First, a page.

Mirror, Mirror On the Wall …
James 1:23-24 contrasts hearers with doers. A hearer is like “a man observing his natural face in a mirror; for he observes himself, goes away, and immediately forgets what kind of man he was.” I’m sure a lot of politicians practice campaign speeches while looking in a mirror. They win their elections then they go away and forget what their promises looked like in the mirror.
Every politician talks a good talk. Consider that a given as you go to the polls on November 8. Then look at what they’ve done. Do some fruit inspecting. Jesus’ point in Matthew 12:33-35 can be broken down to this: Good tree … good fruit. Bad tree … bad fruit.
Consider Jesus’ parable of the talents in Matthew 25 and Luke 19. Have these candidates been faithful in other endeavors in their lives? Look at Psalm 1:1-3 as well. Do they display the type of character that would lead you to believe they would not follow the advice of the wicked? That they would delight in the law of the Lord? That they would therefore stay planted by the rivers of water, so that anything they put their hand to would prosper, and in the right ways?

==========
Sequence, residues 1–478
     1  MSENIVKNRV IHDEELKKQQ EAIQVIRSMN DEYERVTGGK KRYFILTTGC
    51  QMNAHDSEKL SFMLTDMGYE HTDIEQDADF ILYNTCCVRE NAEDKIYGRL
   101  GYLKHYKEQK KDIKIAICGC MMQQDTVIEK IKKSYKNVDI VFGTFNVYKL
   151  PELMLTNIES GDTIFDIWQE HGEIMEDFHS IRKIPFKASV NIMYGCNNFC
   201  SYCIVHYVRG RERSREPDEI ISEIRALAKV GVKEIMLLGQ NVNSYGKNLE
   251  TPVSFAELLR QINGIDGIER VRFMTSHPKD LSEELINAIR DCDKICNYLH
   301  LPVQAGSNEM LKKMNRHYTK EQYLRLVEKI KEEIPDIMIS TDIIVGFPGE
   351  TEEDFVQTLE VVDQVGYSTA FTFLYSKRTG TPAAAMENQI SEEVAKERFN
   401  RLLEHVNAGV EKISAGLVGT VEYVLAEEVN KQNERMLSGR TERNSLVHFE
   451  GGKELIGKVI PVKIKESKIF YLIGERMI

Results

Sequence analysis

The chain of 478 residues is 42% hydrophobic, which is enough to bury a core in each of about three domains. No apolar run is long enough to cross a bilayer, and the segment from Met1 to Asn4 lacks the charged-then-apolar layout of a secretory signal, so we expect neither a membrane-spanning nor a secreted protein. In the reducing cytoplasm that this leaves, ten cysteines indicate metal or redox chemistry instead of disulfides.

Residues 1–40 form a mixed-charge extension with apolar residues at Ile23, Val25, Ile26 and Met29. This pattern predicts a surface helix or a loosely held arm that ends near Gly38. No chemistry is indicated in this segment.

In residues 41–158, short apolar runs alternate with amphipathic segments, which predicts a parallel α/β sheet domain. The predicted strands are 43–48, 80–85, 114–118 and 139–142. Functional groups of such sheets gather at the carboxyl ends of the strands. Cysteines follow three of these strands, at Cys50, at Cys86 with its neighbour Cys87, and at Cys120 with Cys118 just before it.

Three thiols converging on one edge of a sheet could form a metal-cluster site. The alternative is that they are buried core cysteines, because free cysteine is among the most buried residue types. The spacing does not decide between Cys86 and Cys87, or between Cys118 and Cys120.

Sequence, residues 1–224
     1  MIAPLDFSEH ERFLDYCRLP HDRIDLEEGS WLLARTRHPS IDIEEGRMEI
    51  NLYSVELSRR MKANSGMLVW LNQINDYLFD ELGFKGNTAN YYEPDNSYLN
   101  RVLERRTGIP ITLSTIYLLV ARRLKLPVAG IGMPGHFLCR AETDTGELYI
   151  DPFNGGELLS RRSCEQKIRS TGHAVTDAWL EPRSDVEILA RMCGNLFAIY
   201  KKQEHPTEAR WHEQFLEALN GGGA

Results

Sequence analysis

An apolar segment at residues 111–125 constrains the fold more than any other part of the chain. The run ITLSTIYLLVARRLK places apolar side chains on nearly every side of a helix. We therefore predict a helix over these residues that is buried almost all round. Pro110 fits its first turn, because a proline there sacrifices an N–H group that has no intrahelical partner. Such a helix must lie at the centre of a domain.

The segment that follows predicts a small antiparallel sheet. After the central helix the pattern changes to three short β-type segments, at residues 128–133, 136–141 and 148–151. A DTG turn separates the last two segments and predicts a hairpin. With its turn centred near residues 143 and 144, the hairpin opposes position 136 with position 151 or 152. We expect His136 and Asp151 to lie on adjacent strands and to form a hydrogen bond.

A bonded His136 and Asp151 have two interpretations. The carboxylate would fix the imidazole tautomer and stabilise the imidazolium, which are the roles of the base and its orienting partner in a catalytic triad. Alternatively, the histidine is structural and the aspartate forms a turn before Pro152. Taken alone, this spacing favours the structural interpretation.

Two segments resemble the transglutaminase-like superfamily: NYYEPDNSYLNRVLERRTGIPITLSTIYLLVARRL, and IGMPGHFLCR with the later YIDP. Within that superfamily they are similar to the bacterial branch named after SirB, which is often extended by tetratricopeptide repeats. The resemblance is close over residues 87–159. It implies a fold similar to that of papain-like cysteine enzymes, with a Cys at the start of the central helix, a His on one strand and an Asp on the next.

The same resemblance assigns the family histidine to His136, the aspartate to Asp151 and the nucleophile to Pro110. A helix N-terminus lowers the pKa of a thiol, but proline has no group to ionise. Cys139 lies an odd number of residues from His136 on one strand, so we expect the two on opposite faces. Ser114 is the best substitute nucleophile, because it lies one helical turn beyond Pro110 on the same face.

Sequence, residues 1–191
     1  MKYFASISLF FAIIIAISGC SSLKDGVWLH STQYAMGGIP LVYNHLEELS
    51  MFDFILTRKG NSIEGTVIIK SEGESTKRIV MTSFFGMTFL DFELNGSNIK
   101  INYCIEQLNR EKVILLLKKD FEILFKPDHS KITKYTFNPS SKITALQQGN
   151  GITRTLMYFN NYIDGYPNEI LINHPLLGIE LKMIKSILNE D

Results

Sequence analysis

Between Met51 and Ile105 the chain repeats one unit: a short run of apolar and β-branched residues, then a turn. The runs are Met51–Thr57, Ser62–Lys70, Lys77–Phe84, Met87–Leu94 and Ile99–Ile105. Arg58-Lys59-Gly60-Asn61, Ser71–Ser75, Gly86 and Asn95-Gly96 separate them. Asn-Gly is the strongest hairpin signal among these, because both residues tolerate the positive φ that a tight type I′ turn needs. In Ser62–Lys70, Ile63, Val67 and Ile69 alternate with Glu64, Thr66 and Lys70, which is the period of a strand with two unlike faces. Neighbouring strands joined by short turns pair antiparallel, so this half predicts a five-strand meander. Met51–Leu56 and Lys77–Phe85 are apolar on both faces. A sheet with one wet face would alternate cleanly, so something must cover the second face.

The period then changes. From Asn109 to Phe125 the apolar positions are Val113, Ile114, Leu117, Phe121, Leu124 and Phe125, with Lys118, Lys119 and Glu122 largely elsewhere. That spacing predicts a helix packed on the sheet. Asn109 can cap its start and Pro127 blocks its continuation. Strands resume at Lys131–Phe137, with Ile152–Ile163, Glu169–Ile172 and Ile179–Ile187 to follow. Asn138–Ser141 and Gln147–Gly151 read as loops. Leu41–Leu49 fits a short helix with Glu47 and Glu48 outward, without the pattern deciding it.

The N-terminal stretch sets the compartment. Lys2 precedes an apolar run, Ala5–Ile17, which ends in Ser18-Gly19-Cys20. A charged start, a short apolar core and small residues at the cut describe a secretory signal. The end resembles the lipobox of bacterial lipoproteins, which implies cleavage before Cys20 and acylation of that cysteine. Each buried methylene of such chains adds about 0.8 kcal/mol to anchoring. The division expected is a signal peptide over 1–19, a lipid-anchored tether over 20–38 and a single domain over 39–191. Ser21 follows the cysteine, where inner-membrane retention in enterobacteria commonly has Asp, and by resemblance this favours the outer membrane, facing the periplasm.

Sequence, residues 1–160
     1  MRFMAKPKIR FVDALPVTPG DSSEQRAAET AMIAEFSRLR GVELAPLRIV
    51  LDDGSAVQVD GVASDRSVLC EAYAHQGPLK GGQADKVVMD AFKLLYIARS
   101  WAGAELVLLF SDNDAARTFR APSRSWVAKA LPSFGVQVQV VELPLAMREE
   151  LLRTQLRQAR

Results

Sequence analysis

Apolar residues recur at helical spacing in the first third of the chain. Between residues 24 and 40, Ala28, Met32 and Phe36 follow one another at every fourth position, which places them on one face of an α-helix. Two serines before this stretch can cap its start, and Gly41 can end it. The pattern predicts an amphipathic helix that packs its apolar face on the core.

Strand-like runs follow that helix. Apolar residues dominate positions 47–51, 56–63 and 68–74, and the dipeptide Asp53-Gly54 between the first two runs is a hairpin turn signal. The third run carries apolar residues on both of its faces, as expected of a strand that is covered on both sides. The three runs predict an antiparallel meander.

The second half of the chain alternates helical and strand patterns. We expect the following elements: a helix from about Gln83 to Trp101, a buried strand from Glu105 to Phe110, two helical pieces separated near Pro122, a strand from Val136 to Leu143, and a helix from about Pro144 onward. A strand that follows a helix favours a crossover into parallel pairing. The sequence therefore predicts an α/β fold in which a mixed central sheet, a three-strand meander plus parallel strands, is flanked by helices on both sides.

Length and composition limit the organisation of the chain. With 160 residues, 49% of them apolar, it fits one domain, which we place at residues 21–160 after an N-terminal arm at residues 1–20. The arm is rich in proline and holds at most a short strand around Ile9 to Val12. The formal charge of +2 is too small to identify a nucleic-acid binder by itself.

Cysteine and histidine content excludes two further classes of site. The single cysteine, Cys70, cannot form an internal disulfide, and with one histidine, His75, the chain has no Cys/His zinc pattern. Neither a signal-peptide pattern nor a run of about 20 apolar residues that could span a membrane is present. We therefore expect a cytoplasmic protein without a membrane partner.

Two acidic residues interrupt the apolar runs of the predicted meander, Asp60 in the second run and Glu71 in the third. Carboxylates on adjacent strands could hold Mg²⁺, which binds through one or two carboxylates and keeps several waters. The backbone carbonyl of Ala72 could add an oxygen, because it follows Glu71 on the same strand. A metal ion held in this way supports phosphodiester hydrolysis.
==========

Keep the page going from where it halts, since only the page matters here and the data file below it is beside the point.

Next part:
Remember, too that, believers have yet an extra dimension helping us decide who to vote for. When Samuel went to the house of Jesse to anoint one of Jesse’s sons as king, David was apparently the least likely for the position. He was the youngest, and he wasn’t even in the lineup. That was true as far as met the eye. But the Lord said to Samuel, as he looked upon another son of Jesse, “Don’t judge by his appearance or height, for I have rejected him. The Lord doesn’t see things the way you see them. People judge by outward appearance, but the Lord looks at the heart.” (1 Samuel 16:7)
Like Samuel, we can trust the Holy Spirit for guidance to show us who God’s man or woman is. Which one is the true “David” on the ballot? Spiritual discernment is crucial, because some candidates are new to politics and don’t have a voting record per se. Donald Trump was such a candidate. In this cycle there are others, like Ryan’s opponent for representative in Ohio, J.D. Vance, Dr. Mehmet Oz (Pennsylvania, Senate), and Kari Lake (Arizona, Governor).
So, remember this November, words are cheap. Consider what they’ve done, and seek God’s wisdom before you pull the lever for that candidate.
Nolan Lewallen is a retired pilot of a major airline and lives near Stephenville, Texas, with his wife, Kim. Nolan’s two greatest passions are the Bible and politics. His latest book, The Integration of Church & State: How We Transform “In God We Trust” From Motto to Reality, brings the two together.